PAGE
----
I’ve just had a week off before starting a new job. A week where the topic of "advertising" was off-limits and, instead, I’d be getting my head around the virtues of Bikram yoga, spinning and abstinence from alcohol. Not a normal week for me…

I took a bit of time off from all the healthy stuff to have a go at Private View, thinking that it might be a good thing to approach with a relaxed state of mind. But did the week’s best ads help me reach a Zen-like state of tranquility – or just make me even more wound up than I usually am?

First to intrude on my holiday bliss was the new Lurpak campaign. And what a great start. This, surely, is why we are all in this business. A brilliant idea when it was launched and an idea that just gets better with time and development. This latest execution is beautifully crafted with the same perfect tone of voice that we’ve come to expect from Wieden & Kennedy. A definite winner for calm Katrien.

Sadly, as soon as I cast my eye over the second entry on the list, the "pre-holiday Katrien" perked up (a little angry, a little on edge). Churchill. Not a campaign I have previously had much time for – but I closed my eyes, did a quick breathing exercise and the positive force within me figured that if Martin Clunes’ driving ban had freed the world from his relationship with the nodding dog, then maybe I was about to see something new from the brand. I pressed play to discover that Clunes had indeed been replaced by something new, in the shape of Dawn French. The fact she was in a dog pound quickly snapped me back to reality. Sure enough, there was "Churchill" – and there he was again, and again, and again. By the end, the brand name had been repeated so many times that it had started to take on a mantra-esque hypnotic quality. I don’t mean in a good way. Brand awareness is important, but there are smarter ways to get there than brain-numbing repetition. Angry Katrien was back in the game.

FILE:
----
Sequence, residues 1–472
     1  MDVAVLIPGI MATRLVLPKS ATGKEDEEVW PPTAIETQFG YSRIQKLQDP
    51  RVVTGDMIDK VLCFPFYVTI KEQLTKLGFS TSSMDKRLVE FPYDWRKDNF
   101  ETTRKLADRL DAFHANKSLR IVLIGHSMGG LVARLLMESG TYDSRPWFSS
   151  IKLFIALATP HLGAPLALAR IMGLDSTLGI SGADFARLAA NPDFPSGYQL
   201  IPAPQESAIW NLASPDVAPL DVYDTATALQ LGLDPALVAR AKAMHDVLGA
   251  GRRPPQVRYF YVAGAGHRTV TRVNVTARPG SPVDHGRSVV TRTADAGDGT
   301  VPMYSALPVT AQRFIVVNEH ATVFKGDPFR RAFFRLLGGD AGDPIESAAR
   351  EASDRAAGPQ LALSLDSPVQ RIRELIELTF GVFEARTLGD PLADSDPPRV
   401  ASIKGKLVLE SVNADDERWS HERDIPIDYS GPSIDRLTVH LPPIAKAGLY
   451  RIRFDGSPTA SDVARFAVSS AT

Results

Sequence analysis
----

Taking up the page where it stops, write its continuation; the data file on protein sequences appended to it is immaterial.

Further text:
On to the next, in the hope that balance might be restored.

O2’s Priority proposition is a great one (not as good as EE Wednesdays, of course) and some of the past executions have been interesting. This one just makes me think that Beyoncé must have been a right bitch to work with. The link to the proposition is non-existent and, until the voiceover comes on, I don’t really see what O2 has to do with it. Shame, as this is a tie-up that could really have worked. Angry Katrien edging ahead.

Maybe a spinning class (dull, but supposedly worthwhile) was not the best preparation for the latest McDonald’s ad. The old me has been known to frequent the odd fast-food establishment, but what would the new me think of this ad? Well, both versions of me have an issue with the premise that "We all have McDonald’s in common". Do we, really? I actually think this is quite a lovely execution, but I can’t help but cringe when it gets to the brand bit and happiness is found over a burger. Even the old me feels that there’s more to life than that.

Thankfully, the last ad of the bunch is the best yet. Off the back of a great campaign for the main brand, Old Spice has launched a range of new scents that have a great positioning and on which Wieden & Kennedy has once again surpassed itself. It’s smart and funny and brilliantly executed. It made me happy. And you can’t ask for more from life than that.

This article was first published on Campaign Work